the glass. The menu will be tapas heavy, with perhaps 10 hot selections
and 10 cold ones, three or four paellas and a few small main courses.
Chechu proudly told Road Bike Action
“Originally I was going to be at
the opening we have planned for January 2009 but now I will be in
Australia racing at the Tour Down Under. After that we have a training
camp in Santa Rosa, California so maybe I will invite the Astana boys
down to La Lata for some tapas!
Chechu opened his 2009 accounts at the Tour Down Under in 58th overall,
where he had a crash but nothing serious. He told his fan website,
, “No fue nada, chapa y pintura como cuando
tienes un golpe en el coche, je je!! (It was nothing, scratches and
dents, like after a fender-bender.)
We are going much faster than last year and I need to help Lance with
the wind, so I'm quite tired at the end. " Rubiera told the
International Herald Tribune in an interview in Adelaide “It is like a
time warp in some ways, but there are a lot of new faces out here.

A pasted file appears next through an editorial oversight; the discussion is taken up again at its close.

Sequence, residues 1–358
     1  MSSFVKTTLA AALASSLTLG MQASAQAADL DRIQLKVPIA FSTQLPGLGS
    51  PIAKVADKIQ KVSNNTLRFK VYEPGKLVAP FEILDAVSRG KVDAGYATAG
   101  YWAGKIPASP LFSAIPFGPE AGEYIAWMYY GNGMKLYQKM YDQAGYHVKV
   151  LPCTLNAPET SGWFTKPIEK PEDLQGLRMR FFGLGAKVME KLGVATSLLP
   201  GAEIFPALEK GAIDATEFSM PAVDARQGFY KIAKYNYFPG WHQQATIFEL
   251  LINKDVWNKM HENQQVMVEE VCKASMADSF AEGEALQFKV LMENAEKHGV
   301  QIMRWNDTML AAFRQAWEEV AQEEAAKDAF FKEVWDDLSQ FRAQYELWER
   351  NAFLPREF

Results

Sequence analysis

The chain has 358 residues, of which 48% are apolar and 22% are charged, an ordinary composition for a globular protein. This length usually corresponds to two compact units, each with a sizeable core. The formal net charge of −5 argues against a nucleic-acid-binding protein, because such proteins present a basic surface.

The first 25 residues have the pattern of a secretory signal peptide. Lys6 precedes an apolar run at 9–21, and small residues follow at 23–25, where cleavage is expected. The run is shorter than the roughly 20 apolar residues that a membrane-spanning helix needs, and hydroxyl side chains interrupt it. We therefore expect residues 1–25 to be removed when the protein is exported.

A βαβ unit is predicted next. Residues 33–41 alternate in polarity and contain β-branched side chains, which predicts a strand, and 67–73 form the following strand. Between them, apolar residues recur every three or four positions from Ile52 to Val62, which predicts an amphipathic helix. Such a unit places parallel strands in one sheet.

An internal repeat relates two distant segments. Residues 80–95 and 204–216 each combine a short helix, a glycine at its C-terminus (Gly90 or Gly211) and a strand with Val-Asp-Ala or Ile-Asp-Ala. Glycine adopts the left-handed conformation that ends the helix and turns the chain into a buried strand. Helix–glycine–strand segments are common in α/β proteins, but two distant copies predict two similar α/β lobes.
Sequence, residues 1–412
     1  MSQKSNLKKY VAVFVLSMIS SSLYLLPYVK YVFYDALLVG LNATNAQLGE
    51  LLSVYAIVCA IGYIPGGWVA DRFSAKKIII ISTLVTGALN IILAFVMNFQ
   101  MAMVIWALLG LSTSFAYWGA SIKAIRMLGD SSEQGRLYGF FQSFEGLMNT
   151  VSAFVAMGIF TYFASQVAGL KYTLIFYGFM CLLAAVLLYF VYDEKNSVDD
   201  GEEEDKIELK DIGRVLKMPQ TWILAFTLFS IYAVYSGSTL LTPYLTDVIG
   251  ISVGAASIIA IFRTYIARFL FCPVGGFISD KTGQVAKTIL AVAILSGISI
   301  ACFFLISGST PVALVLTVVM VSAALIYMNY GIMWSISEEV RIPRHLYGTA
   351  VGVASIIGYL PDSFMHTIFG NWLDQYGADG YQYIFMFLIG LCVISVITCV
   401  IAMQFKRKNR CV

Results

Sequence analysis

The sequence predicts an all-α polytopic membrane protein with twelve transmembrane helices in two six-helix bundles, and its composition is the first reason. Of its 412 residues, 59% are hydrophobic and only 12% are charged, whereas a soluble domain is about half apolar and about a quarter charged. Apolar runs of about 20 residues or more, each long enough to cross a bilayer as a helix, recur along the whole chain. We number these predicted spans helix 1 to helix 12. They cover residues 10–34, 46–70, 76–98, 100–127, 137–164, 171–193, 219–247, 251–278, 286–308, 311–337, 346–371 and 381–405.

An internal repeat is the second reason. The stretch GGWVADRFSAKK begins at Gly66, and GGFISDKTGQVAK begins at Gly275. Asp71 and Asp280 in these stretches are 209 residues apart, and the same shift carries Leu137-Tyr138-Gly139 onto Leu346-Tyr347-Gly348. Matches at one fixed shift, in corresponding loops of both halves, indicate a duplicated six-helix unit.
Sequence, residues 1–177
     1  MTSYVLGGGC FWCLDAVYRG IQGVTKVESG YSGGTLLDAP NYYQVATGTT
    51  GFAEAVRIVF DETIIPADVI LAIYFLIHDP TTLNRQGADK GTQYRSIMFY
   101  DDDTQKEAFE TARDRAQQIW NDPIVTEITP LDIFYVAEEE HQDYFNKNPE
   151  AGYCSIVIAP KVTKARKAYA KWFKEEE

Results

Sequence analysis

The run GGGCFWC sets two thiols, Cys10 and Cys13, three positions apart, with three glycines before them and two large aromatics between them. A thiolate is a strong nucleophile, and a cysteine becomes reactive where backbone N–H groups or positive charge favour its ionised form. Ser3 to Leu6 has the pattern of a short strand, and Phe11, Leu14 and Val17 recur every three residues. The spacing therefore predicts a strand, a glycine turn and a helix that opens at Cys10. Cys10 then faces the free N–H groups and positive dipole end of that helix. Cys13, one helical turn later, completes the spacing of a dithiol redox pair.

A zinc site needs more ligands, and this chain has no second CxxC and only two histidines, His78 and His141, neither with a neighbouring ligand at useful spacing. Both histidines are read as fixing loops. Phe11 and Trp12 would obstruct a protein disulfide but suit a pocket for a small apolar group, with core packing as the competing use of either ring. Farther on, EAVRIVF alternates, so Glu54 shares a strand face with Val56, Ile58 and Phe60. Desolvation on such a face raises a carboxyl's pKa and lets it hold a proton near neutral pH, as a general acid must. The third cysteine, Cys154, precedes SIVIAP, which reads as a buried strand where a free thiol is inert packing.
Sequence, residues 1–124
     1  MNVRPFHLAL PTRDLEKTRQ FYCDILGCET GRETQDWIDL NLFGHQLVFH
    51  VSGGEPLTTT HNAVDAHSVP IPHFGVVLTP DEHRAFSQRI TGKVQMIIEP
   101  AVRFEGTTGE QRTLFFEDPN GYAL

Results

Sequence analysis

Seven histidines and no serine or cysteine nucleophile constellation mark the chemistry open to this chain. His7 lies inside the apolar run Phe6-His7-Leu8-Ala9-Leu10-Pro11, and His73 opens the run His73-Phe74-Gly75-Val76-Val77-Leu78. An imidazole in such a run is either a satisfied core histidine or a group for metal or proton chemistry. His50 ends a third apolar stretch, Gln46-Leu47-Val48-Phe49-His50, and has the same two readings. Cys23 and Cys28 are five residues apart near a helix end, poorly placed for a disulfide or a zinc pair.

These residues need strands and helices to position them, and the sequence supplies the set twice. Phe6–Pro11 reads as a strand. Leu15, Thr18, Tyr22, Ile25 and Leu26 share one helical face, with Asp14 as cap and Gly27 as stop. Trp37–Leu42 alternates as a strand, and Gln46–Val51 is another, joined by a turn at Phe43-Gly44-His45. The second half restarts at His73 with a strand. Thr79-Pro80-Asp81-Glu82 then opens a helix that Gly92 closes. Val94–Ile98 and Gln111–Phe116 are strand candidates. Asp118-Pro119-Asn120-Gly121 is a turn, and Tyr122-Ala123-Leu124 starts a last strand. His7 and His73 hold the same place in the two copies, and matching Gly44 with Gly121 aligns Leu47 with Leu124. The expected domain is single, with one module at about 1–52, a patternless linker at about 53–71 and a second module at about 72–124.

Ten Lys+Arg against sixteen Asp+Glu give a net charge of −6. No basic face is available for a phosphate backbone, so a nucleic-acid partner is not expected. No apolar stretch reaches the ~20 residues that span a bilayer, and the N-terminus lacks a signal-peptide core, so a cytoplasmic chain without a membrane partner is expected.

Lance seems the same to me. Still as motivated, and though it's a big
circus out here, it's a big circus that is good for the sport. We're at
a time economically where sponsors are difficult to find, and Lance
brings in the media and the interest at a moment when cycling really
Chechu and friend at 2009 Tour Down Under
(Photo: Roberto Bettini)
After an Astana training camp in Santa Rosa, CA. from February 1-10,
Rubiera will ride the Tour Of California, then some stage races in
Spain, then the Tour of Romandie as a warm-up for the 2009 Giro
d’Italia which starts in Venezia Lido on May 9th. Meanwhile, we must
say to the friendly Asturian “Feliz Cumpleanos, Amigo Chechu”.